Perhaps you had a mentor who gave you a recommendation or taught you the skills needed to get a promotion at work. Or maybe you had a mentor in school who helped turn a negative experience into a positive one. Those are just a few examples of some of the short-term benefits of mentoring. But in the long run, mentoring teens help them become happier, stable, well-functioning adults who contribute to society. So consider becoming a trusted counsellor and influential supporter of someone else — mentor them — with teachings and guidance.
- 78% of respondents said they were less likely to use drugs or alcohol because of being in a mentoring program
- 81% said they went to school more often
- 93% said they knew where to go for help
- 90% said they had a more positive view of their futures
- 87% said they felt more confident
- 79% had a clearer idea of what they wanted to do in the future, and
- 75% said they knew more about education, training and work options available to them.
Here are six benefits of becoming a mentor.
1. Mentors Change Lives
This statement may sound daunting, but don’t let it intimidate you. You don’t have to be famous or rich or have a fancy title to have plenty to offer a young person. You can expose a teen to new ideas. Teach them about new principles, practices or responsibilities. Or help lend support and resources they may need. There are plenty of skills you can teach to help strengthen their development. For example, you are helping with problem-solving, confidence-building, and even knowing how to respond to tough questions during a job interview. Spending time with teenagers and passing along your guidance lets them know life is ripe with possibility and could lead them towards a successful path.
2. Improve Listening Skills
We often hear from tweens and teens that it’s rare they feel adults listen to them. As a mentor to teens, here is a chance to hone your listening skills further. Allow mentees to tell you what they need and explain what kind of support they want to achieve their goals. Listening also gives them a chance to offer suggestions or try things they’ve been too shy or intimidated to speak up about. You will make the most appropriate suggestions only when you’ve listened to and heard your mentee.
3. Stay Current
A great bonus of interacting with young people is they will help keep you up-to-date in areas where you may be getting a bit stale. There is plenty to learn from teens, whether it’s the newest social media, the most popular gadgets on the market, the latest slang, or pop culture. Let them help keep you young and improve your edge. A bonus — you’ll get insight into what is going on in the teen world. All of this may help you better guide your own children!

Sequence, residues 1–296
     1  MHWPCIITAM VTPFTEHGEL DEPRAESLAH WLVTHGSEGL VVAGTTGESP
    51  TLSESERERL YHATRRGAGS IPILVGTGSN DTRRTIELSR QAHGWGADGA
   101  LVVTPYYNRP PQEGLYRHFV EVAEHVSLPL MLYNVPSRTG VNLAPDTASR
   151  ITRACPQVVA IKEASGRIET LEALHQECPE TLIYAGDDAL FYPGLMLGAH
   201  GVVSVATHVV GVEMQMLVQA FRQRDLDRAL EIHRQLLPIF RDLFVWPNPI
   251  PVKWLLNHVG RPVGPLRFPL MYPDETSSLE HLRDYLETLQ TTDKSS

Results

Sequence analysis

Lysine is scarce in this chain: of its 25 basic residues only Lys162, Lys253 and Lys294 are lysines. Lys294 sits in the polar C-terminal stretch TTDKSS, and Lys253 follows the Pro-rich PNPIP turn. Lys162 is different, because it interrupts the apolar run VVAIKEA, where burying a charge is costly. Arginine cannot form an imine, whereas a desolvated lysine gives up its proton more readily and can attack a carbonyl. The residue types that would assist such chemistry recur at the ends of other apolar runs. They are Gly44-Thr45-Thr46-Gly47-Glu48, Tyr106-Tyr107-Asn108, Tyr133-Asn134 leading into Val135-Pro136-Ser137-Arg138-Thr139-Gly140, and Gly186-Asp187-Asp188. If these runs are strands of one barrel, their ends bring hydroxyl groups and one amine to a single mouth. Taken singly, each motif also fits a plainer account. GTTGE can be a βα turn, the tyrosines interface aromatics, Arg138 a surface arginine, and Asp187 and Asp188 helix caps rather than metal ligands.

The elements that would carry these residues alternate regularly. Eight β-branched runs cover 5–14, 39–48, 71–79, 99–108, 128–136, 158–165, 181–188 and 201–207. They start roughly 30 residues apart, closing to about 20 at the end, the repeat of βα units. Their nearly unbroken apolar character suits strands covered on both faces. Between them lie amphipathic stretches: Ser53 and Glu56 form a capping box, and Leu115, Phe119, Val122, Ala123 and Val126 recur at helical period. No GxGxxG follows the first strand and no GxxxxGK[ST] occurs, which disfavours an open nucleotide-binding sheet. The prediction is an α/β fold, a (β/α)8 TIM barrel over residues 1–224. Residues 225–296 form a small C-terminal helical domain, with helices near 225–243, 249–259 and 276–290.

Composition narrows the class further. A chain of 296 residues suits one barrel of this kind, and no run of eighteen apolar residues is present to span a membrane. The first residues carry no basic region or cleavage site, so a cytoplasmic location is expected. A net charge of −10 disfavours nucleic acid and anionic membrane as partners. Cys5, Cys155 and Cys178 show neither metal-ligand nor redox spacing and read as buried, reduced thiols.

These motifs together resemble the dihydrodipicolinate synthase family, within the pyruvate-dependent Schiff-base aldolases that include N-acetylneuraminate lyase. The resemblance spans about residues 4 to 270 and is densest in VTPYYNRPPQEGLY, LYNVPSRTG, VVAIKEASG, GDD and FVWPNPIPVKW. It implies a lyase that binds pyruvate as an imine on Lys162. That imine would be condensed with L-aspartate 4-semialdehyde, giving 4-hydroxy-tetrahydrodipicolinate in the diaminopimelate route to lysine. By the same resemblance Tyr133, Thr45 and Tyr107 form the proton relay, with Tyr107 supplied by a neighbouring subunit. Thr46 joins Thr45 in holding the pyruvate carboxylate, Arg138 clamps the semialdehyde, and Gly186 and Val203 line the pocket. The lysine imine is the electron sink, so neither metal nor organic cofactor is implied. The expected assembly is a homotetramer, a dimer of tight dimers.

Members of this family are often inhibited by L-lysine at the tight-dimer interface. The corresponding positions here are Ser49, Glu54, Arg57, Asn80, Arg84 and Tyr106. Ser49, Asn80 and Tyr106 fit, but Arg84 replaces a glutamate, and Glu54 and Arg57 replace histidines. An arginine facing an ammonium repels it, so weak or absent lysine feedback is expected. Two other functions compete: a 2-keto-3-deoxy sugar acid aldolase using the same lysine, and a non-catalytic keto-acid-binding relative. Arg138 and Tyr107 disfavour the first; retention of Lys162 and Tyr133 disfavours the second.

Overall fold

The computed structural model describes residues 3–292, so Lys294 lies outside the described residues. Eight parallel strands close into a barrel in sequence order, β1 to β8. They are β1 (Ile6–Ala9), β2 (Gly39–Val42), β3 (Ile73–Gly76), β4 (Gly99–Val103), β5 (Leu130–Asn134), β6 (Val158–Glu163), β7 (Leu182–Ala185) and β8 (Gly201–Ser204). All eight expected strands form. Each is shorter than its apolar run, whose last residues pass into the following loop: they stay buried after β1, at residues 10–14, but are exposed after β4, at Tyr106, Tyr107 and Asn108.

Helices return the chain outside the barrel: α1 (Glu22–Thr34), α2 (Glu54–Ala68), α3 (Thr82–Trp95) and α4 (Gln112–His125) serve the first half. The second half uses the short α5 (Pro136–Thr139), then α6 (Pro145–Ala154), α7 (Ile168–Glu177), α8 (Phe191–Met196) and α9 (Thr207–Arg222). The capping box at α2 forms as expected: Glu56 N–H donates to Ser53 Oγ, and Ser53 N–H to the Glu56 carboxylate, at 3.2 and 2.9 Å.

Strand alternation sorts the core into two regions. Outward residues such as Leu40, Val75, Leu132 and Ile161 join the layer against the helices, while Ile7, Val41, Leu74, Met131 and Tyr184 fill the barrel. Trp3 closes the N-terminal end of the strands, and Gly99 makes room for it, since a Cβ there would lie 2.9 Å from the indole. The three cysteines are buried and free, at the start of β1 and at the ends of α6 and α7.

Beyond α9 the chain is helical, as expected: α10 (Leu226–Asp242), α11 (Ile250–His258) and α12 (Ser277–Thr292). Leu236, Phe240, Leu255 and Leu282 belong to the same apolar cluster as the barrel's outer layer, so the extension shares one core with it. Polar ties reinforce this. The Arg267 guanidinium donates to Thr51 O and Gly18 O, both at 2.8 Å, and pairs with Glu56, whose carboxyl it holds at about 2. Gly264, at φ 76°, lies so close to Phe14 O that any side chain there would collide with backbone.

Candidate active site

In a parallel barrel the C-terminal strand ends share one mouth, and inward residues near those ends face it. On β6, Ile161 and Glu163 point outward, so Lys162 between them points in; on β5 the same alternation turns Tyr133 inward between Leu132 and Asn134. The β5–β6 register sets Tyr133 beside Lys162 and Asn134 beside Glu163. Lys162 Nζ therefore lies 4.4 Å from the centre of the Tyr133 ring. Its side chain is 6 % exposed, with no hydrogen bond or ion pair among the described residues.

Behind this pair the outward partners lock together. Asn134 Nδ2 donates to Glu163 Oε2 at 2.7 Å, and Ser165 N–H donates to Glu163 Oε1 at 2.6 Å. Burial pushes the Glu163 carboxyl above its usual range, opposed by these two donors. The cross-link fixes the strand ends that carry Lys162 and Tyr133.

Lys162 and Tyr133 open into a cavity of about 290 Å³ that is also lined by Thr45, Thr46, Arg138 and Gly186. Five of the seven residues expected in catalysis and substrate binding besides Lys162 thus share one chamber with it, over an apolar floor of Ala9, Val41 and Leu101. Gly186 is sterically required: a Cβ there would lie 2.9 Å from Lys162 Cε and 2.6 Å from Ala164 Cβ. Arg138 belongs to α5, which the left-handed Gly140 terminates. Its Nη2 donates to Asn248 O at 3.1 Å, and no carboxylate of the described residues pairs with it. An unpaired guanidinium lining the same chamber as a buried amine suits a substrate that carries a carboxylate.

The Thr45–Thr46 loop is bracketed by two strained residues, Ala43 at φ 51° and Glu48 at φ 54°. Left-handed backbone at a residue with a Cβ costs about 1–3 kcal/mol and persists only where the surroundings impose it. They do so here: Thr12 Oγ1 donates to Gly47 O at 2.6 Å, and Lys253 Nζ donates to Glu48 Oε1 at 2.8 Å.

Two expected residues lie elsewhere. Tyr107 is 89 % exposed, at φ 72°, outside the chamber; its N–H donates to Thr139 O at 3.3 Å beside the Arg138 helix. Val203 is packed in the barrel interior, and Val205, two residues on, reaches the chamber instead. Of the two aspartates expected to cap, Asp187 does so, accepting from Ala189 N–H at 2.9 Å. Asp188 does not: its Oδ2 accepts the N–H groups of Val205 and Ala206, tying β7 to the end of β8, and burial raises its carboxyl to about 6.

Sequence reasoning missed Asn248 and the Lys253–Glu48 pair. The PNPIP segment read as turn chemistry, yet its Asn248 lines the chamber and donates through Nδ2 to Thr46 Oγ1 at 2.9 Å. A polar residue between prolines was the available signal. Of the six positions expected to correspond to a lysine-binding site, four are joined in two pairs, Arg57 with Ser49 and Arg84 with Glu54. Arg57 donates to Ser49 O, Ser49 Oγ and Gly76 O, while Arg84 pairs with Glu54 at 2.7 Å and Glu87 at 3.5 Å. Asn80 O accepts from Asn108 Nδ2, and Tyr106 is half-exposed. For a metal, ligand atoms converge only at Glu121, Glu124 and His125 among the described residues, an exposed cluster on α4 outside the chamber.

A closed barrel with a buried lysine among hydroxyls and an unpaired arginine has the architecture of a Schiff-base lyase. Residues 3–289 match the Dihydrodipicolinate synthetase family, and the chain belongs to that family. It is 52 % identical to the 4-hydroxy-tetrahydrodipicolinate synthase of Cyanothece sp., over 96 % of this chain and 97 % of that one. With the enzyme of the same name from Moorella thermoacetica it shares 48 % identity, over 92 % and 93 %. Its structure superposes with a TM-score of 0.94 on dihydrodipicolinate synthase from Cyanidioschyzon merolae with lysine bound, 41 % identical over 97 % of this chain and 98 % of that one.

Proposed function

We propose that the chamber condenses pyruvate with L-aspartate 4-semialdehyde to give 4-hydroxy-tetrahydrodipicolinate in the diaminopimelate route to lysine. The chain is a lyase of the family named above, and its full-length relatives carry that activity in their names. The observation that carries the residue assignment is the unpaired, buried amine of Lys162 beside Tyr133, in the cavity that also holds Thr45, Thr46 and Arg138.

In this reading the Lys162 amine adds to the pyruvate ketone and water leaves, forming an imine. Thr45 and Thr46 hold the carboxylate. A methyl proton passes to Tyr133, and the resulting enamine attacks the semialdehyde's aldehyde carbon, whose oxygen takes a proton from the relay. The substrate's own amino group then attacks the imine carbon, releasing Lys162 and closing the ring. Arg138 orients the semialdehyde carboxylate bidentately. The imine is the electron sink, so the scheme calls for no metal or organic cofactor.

4. Polish Leadership Skills
You bring both life experience and leadership into the relationship. When teaching a young person, you’re naturally encouraged to become (and stay) an expert in whatever area you’re helping with. And because they look up to you, you’ll work to ensure you’re giving the best guidance possible. You may find yourself thinking about different approaches to best getting your messages across. You may devise new ways of sharing valuable lessons. As you do so, you continue growing your own leadership skills while helping to shape a leader of tomorrow.
5. Get Invigorated
As adults, our everyday lives can begin to feel ordinary and routine. To a teen, our schedule is anything but. It can restore excitement for what we do when we are reminded how much it matters. Similarly, young people may also offer new perspectives on problems we’ve learned to ignore or see as “just the way things are.” Things that probably should be changed. Things that teens find unacceptable. Having young people around helps us remember that problems are solvable, and we should all strive to be our best selves.
6. Community-Wide Impact
Perhaps you’ve heard the saying, “Pay it forward.” Mentoring does just that. Someone empowered you – now you have a chance to do the same for someone else. Your contributions may spark their desire to give back. Teens with mentors often go on to mentor others and give back to their communities. So by taking care of young people — not just your own — all children stand to benefit, as does our society at large.
Mentoring makes an actual difference. While you don’t become a mentor knowing how far your mentee will go in life, there are essential rewards from mentoring. So, take a chance and reach outside of your home. Offer yourself to teens who will benefit from your time, wisdom, and experience.
If you want to learn more about how to get involved with mentoring, here are some places to start:
We have a number of mentoring opportunites that you can volunteer for. Check them out here.